In "Unbecoming Tragedy," An Artist's Life Journey

Lucy Gellman | September 25th, 2023


Bregamos Community Theater  |  Collective Consciousness Theatre  |  Culture & Community  |  Long Wharf Theatre  |  Arts & Culture  |  Theater  |  Arts & Anti-racism

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Riggins at Bregamos Community Theater. Lucy Gellman Photos.

In one universe, a young Terrence Riggins is up against two school bullies, about to receive a beating when a miracle happens. From down the hall, his middle school crush comes running, begging them to stop. Her arms glide through the air, and even in a fog of fear, she is perfection. Riggins holds his breath. She's matter-of-fact: Don't beat up a kid who was good in the school play. He exhales.  

Back in the present, the light shifts, and Riggins steps forward. Around him are the bare bones of a solitary cell. "Acting didn't get me the girl, but it definitely saved my ass," he says. There's a beat. "Maybe it can save my life." 

The sheer and persistent power of theater—and its ability to show up as a source of salvation—sits at the wildly beating heart of Unbecoming Tragedy, an autobiographical play from writer and performer Terrence Riggins that is now growing its roots in New Haven. In roughly 60 minutes, it tells the story of Riggins' life and long relationship with the stage, leaning into all the complexities of being human, Black, male, and an artist in a country that still has not made space for those intersecting identities to soar.

Last weekend, a workshopped performance from Collective Consciousness Theatre (CCT) and Long Wharf Theatre (LWT) landed at Bregamos Community Theater for two nights only. Directed by Cheyenne Barboza with assistance from Finn Wiggins-Henry and Valerie Badjan, the work doubled as a testament to not only Riggins' tight and affecting writing, but also the importance of theater as a form of healing and of education. Further performances in the community have yet to be announced. 

"I felt that I could not move forward in my theater career or my acting career if I did not write this play," Riggins said in a phone interview before hours of rehearsal. "I cast myself in the story of my life. I've done other people's plays, I've done other people's projects, but I've never done my own.  I'm not afraid of serious catharsis and gravitas and pathos. And I had to use my life and my vulnerability in order to achieve that."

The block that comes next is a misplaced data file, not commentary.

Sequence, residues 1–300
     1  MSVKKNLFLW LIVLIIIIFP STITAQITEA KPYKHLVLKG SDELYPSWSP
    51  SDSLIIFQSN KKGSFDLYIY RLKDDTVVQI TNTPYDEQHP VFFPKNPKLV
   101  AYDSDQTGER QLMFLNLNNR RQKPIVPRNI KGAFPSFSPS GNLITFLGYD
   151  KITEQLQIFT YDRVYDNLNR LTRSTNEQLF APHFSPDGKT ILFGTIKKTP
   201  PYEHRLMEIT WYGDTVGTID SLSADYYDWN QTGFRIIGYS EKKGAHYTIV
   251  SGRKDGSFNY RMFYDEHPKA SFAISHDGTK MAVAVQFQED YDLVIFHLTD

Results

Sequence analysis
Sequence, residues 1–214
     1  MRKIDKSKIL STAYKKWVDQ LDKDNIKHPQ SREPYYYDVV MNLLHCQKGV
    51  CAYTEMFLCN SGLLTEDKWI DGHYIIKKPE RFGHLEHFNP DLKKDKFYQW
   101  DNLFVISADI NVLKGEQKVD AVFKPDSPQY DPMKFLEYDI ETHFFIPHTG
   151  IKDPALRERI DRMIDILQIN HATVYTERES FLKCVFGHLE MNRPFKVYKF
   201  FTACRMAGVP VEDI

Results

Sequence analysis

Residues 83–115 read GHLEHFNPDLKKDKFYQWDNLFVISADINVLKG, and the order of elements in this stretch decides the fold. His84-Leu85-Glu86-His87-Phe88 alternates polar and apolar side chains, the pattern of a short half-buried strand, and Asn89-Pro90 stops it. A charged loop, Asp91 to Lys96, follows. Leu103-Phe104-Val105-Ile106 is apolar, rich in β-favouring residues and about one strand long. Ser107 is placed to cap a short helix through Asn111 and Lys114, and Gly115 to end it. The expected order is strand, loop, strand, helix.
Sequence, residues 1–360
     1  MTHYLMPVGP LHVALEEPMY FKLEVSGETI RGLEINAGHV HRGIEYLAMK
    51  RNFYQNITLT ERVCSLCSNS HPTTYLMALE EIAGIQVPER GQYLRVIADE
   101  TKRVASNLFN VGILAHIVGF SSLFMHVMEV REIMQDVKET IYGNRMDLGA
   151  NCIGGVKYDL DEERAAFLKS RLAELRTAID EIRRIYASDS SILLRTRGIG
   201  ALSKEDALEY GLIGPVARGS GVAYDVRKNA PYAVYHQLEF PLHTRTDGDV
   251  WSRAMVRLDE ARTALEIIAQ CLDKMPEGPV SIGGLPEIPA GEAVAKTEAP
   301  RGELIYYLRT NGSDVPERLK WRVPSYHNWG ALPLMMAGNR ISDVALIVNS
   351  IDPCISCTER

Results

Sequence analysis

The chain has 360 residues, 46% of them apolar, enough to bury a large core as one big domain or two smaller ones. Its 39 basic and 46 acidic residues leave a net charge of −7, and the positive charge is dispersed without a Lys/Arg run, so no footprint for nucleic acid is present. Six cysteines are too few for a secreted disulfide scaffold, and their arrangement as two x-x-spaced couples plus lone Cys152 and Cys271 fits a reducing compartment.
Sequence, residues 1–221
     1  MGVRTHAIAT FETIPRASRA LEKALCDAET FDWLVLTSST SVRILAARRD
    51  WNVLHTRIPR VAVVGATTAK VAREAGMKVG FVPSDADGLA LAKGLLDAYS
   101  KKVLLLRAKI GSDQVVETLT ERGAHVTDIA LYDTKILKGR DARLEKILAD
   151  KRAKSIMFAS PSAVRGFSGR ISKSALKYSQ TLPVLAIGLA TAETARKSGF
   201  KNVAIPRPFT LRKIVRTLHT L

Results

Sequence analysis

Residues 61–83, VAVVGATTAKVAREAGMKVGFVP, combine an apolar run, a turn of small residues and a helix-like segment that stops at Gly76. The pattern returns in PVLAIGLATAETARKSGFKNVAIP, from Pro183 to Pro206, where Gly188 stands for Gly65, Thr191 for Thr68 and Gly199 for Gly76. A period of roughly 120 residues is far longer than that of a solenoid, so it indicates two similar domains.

"This is not a solo show," he added. "This is a play. It's also a ritual."

And it is. Conceived when Riggins was in solitary at the Cheshire Correctional Facility several years ago, the work begins and ends in a single cell, the playwright constantly blurring the lines between perception and reality, the way one's mind can bend sometimes, and break at others. In between, he tells the story of his life in lyrical, sometimes raw and unflinching detail, allowing moments to shift in and out of focus so often that they melt into each other. 

For instance: early in the show, his present becomes an affecting fade into his past, jumping between decades with quick, crisp rhythm. As the actor enters the cell and lays his body down, sleeping fitfully, he mutters in his sleep, drawing the audience in close to listen to his half-conscious ramblings. Around him, the set is minimal—a bed, sink, tube of toothpaste and floor where he works out fanatically. So when he wakes and begins speaking to a grayscale portrait of his mother, something falls right into place. 

Moving from the bed to the floor to a sink, he turns the clock back to a childhood in 1960s Los Angeles, where he spent his youth learning among Black nationalists. Riggins has a gift for clear language—"I was a boy, once," he says with the same weight that one might deliver a cancer diagnosis—and listers can see siblings dressed in dashikis, a young Terrence learning Swahili and West African dance as he moves through a world. 

It's here that one can also feel a tension rising, between Riggins the will-be actor, the empathic artist, and Riggins as the threat the white world already perceives him to be (or in his words, "becoming tragedy"). Jump forward, and the Black revolutionaries he looked to are dead, leaving him grappling with a system that is broken. Forward again, and he's discovered Joe Turner's Come and Gone in an L.A. prison, suddenly aware of the mesmerizing power of August Wilson's words. Forward once more, and his daughter is born while he is playing Caesar Wilks in Gem Of The Ocean.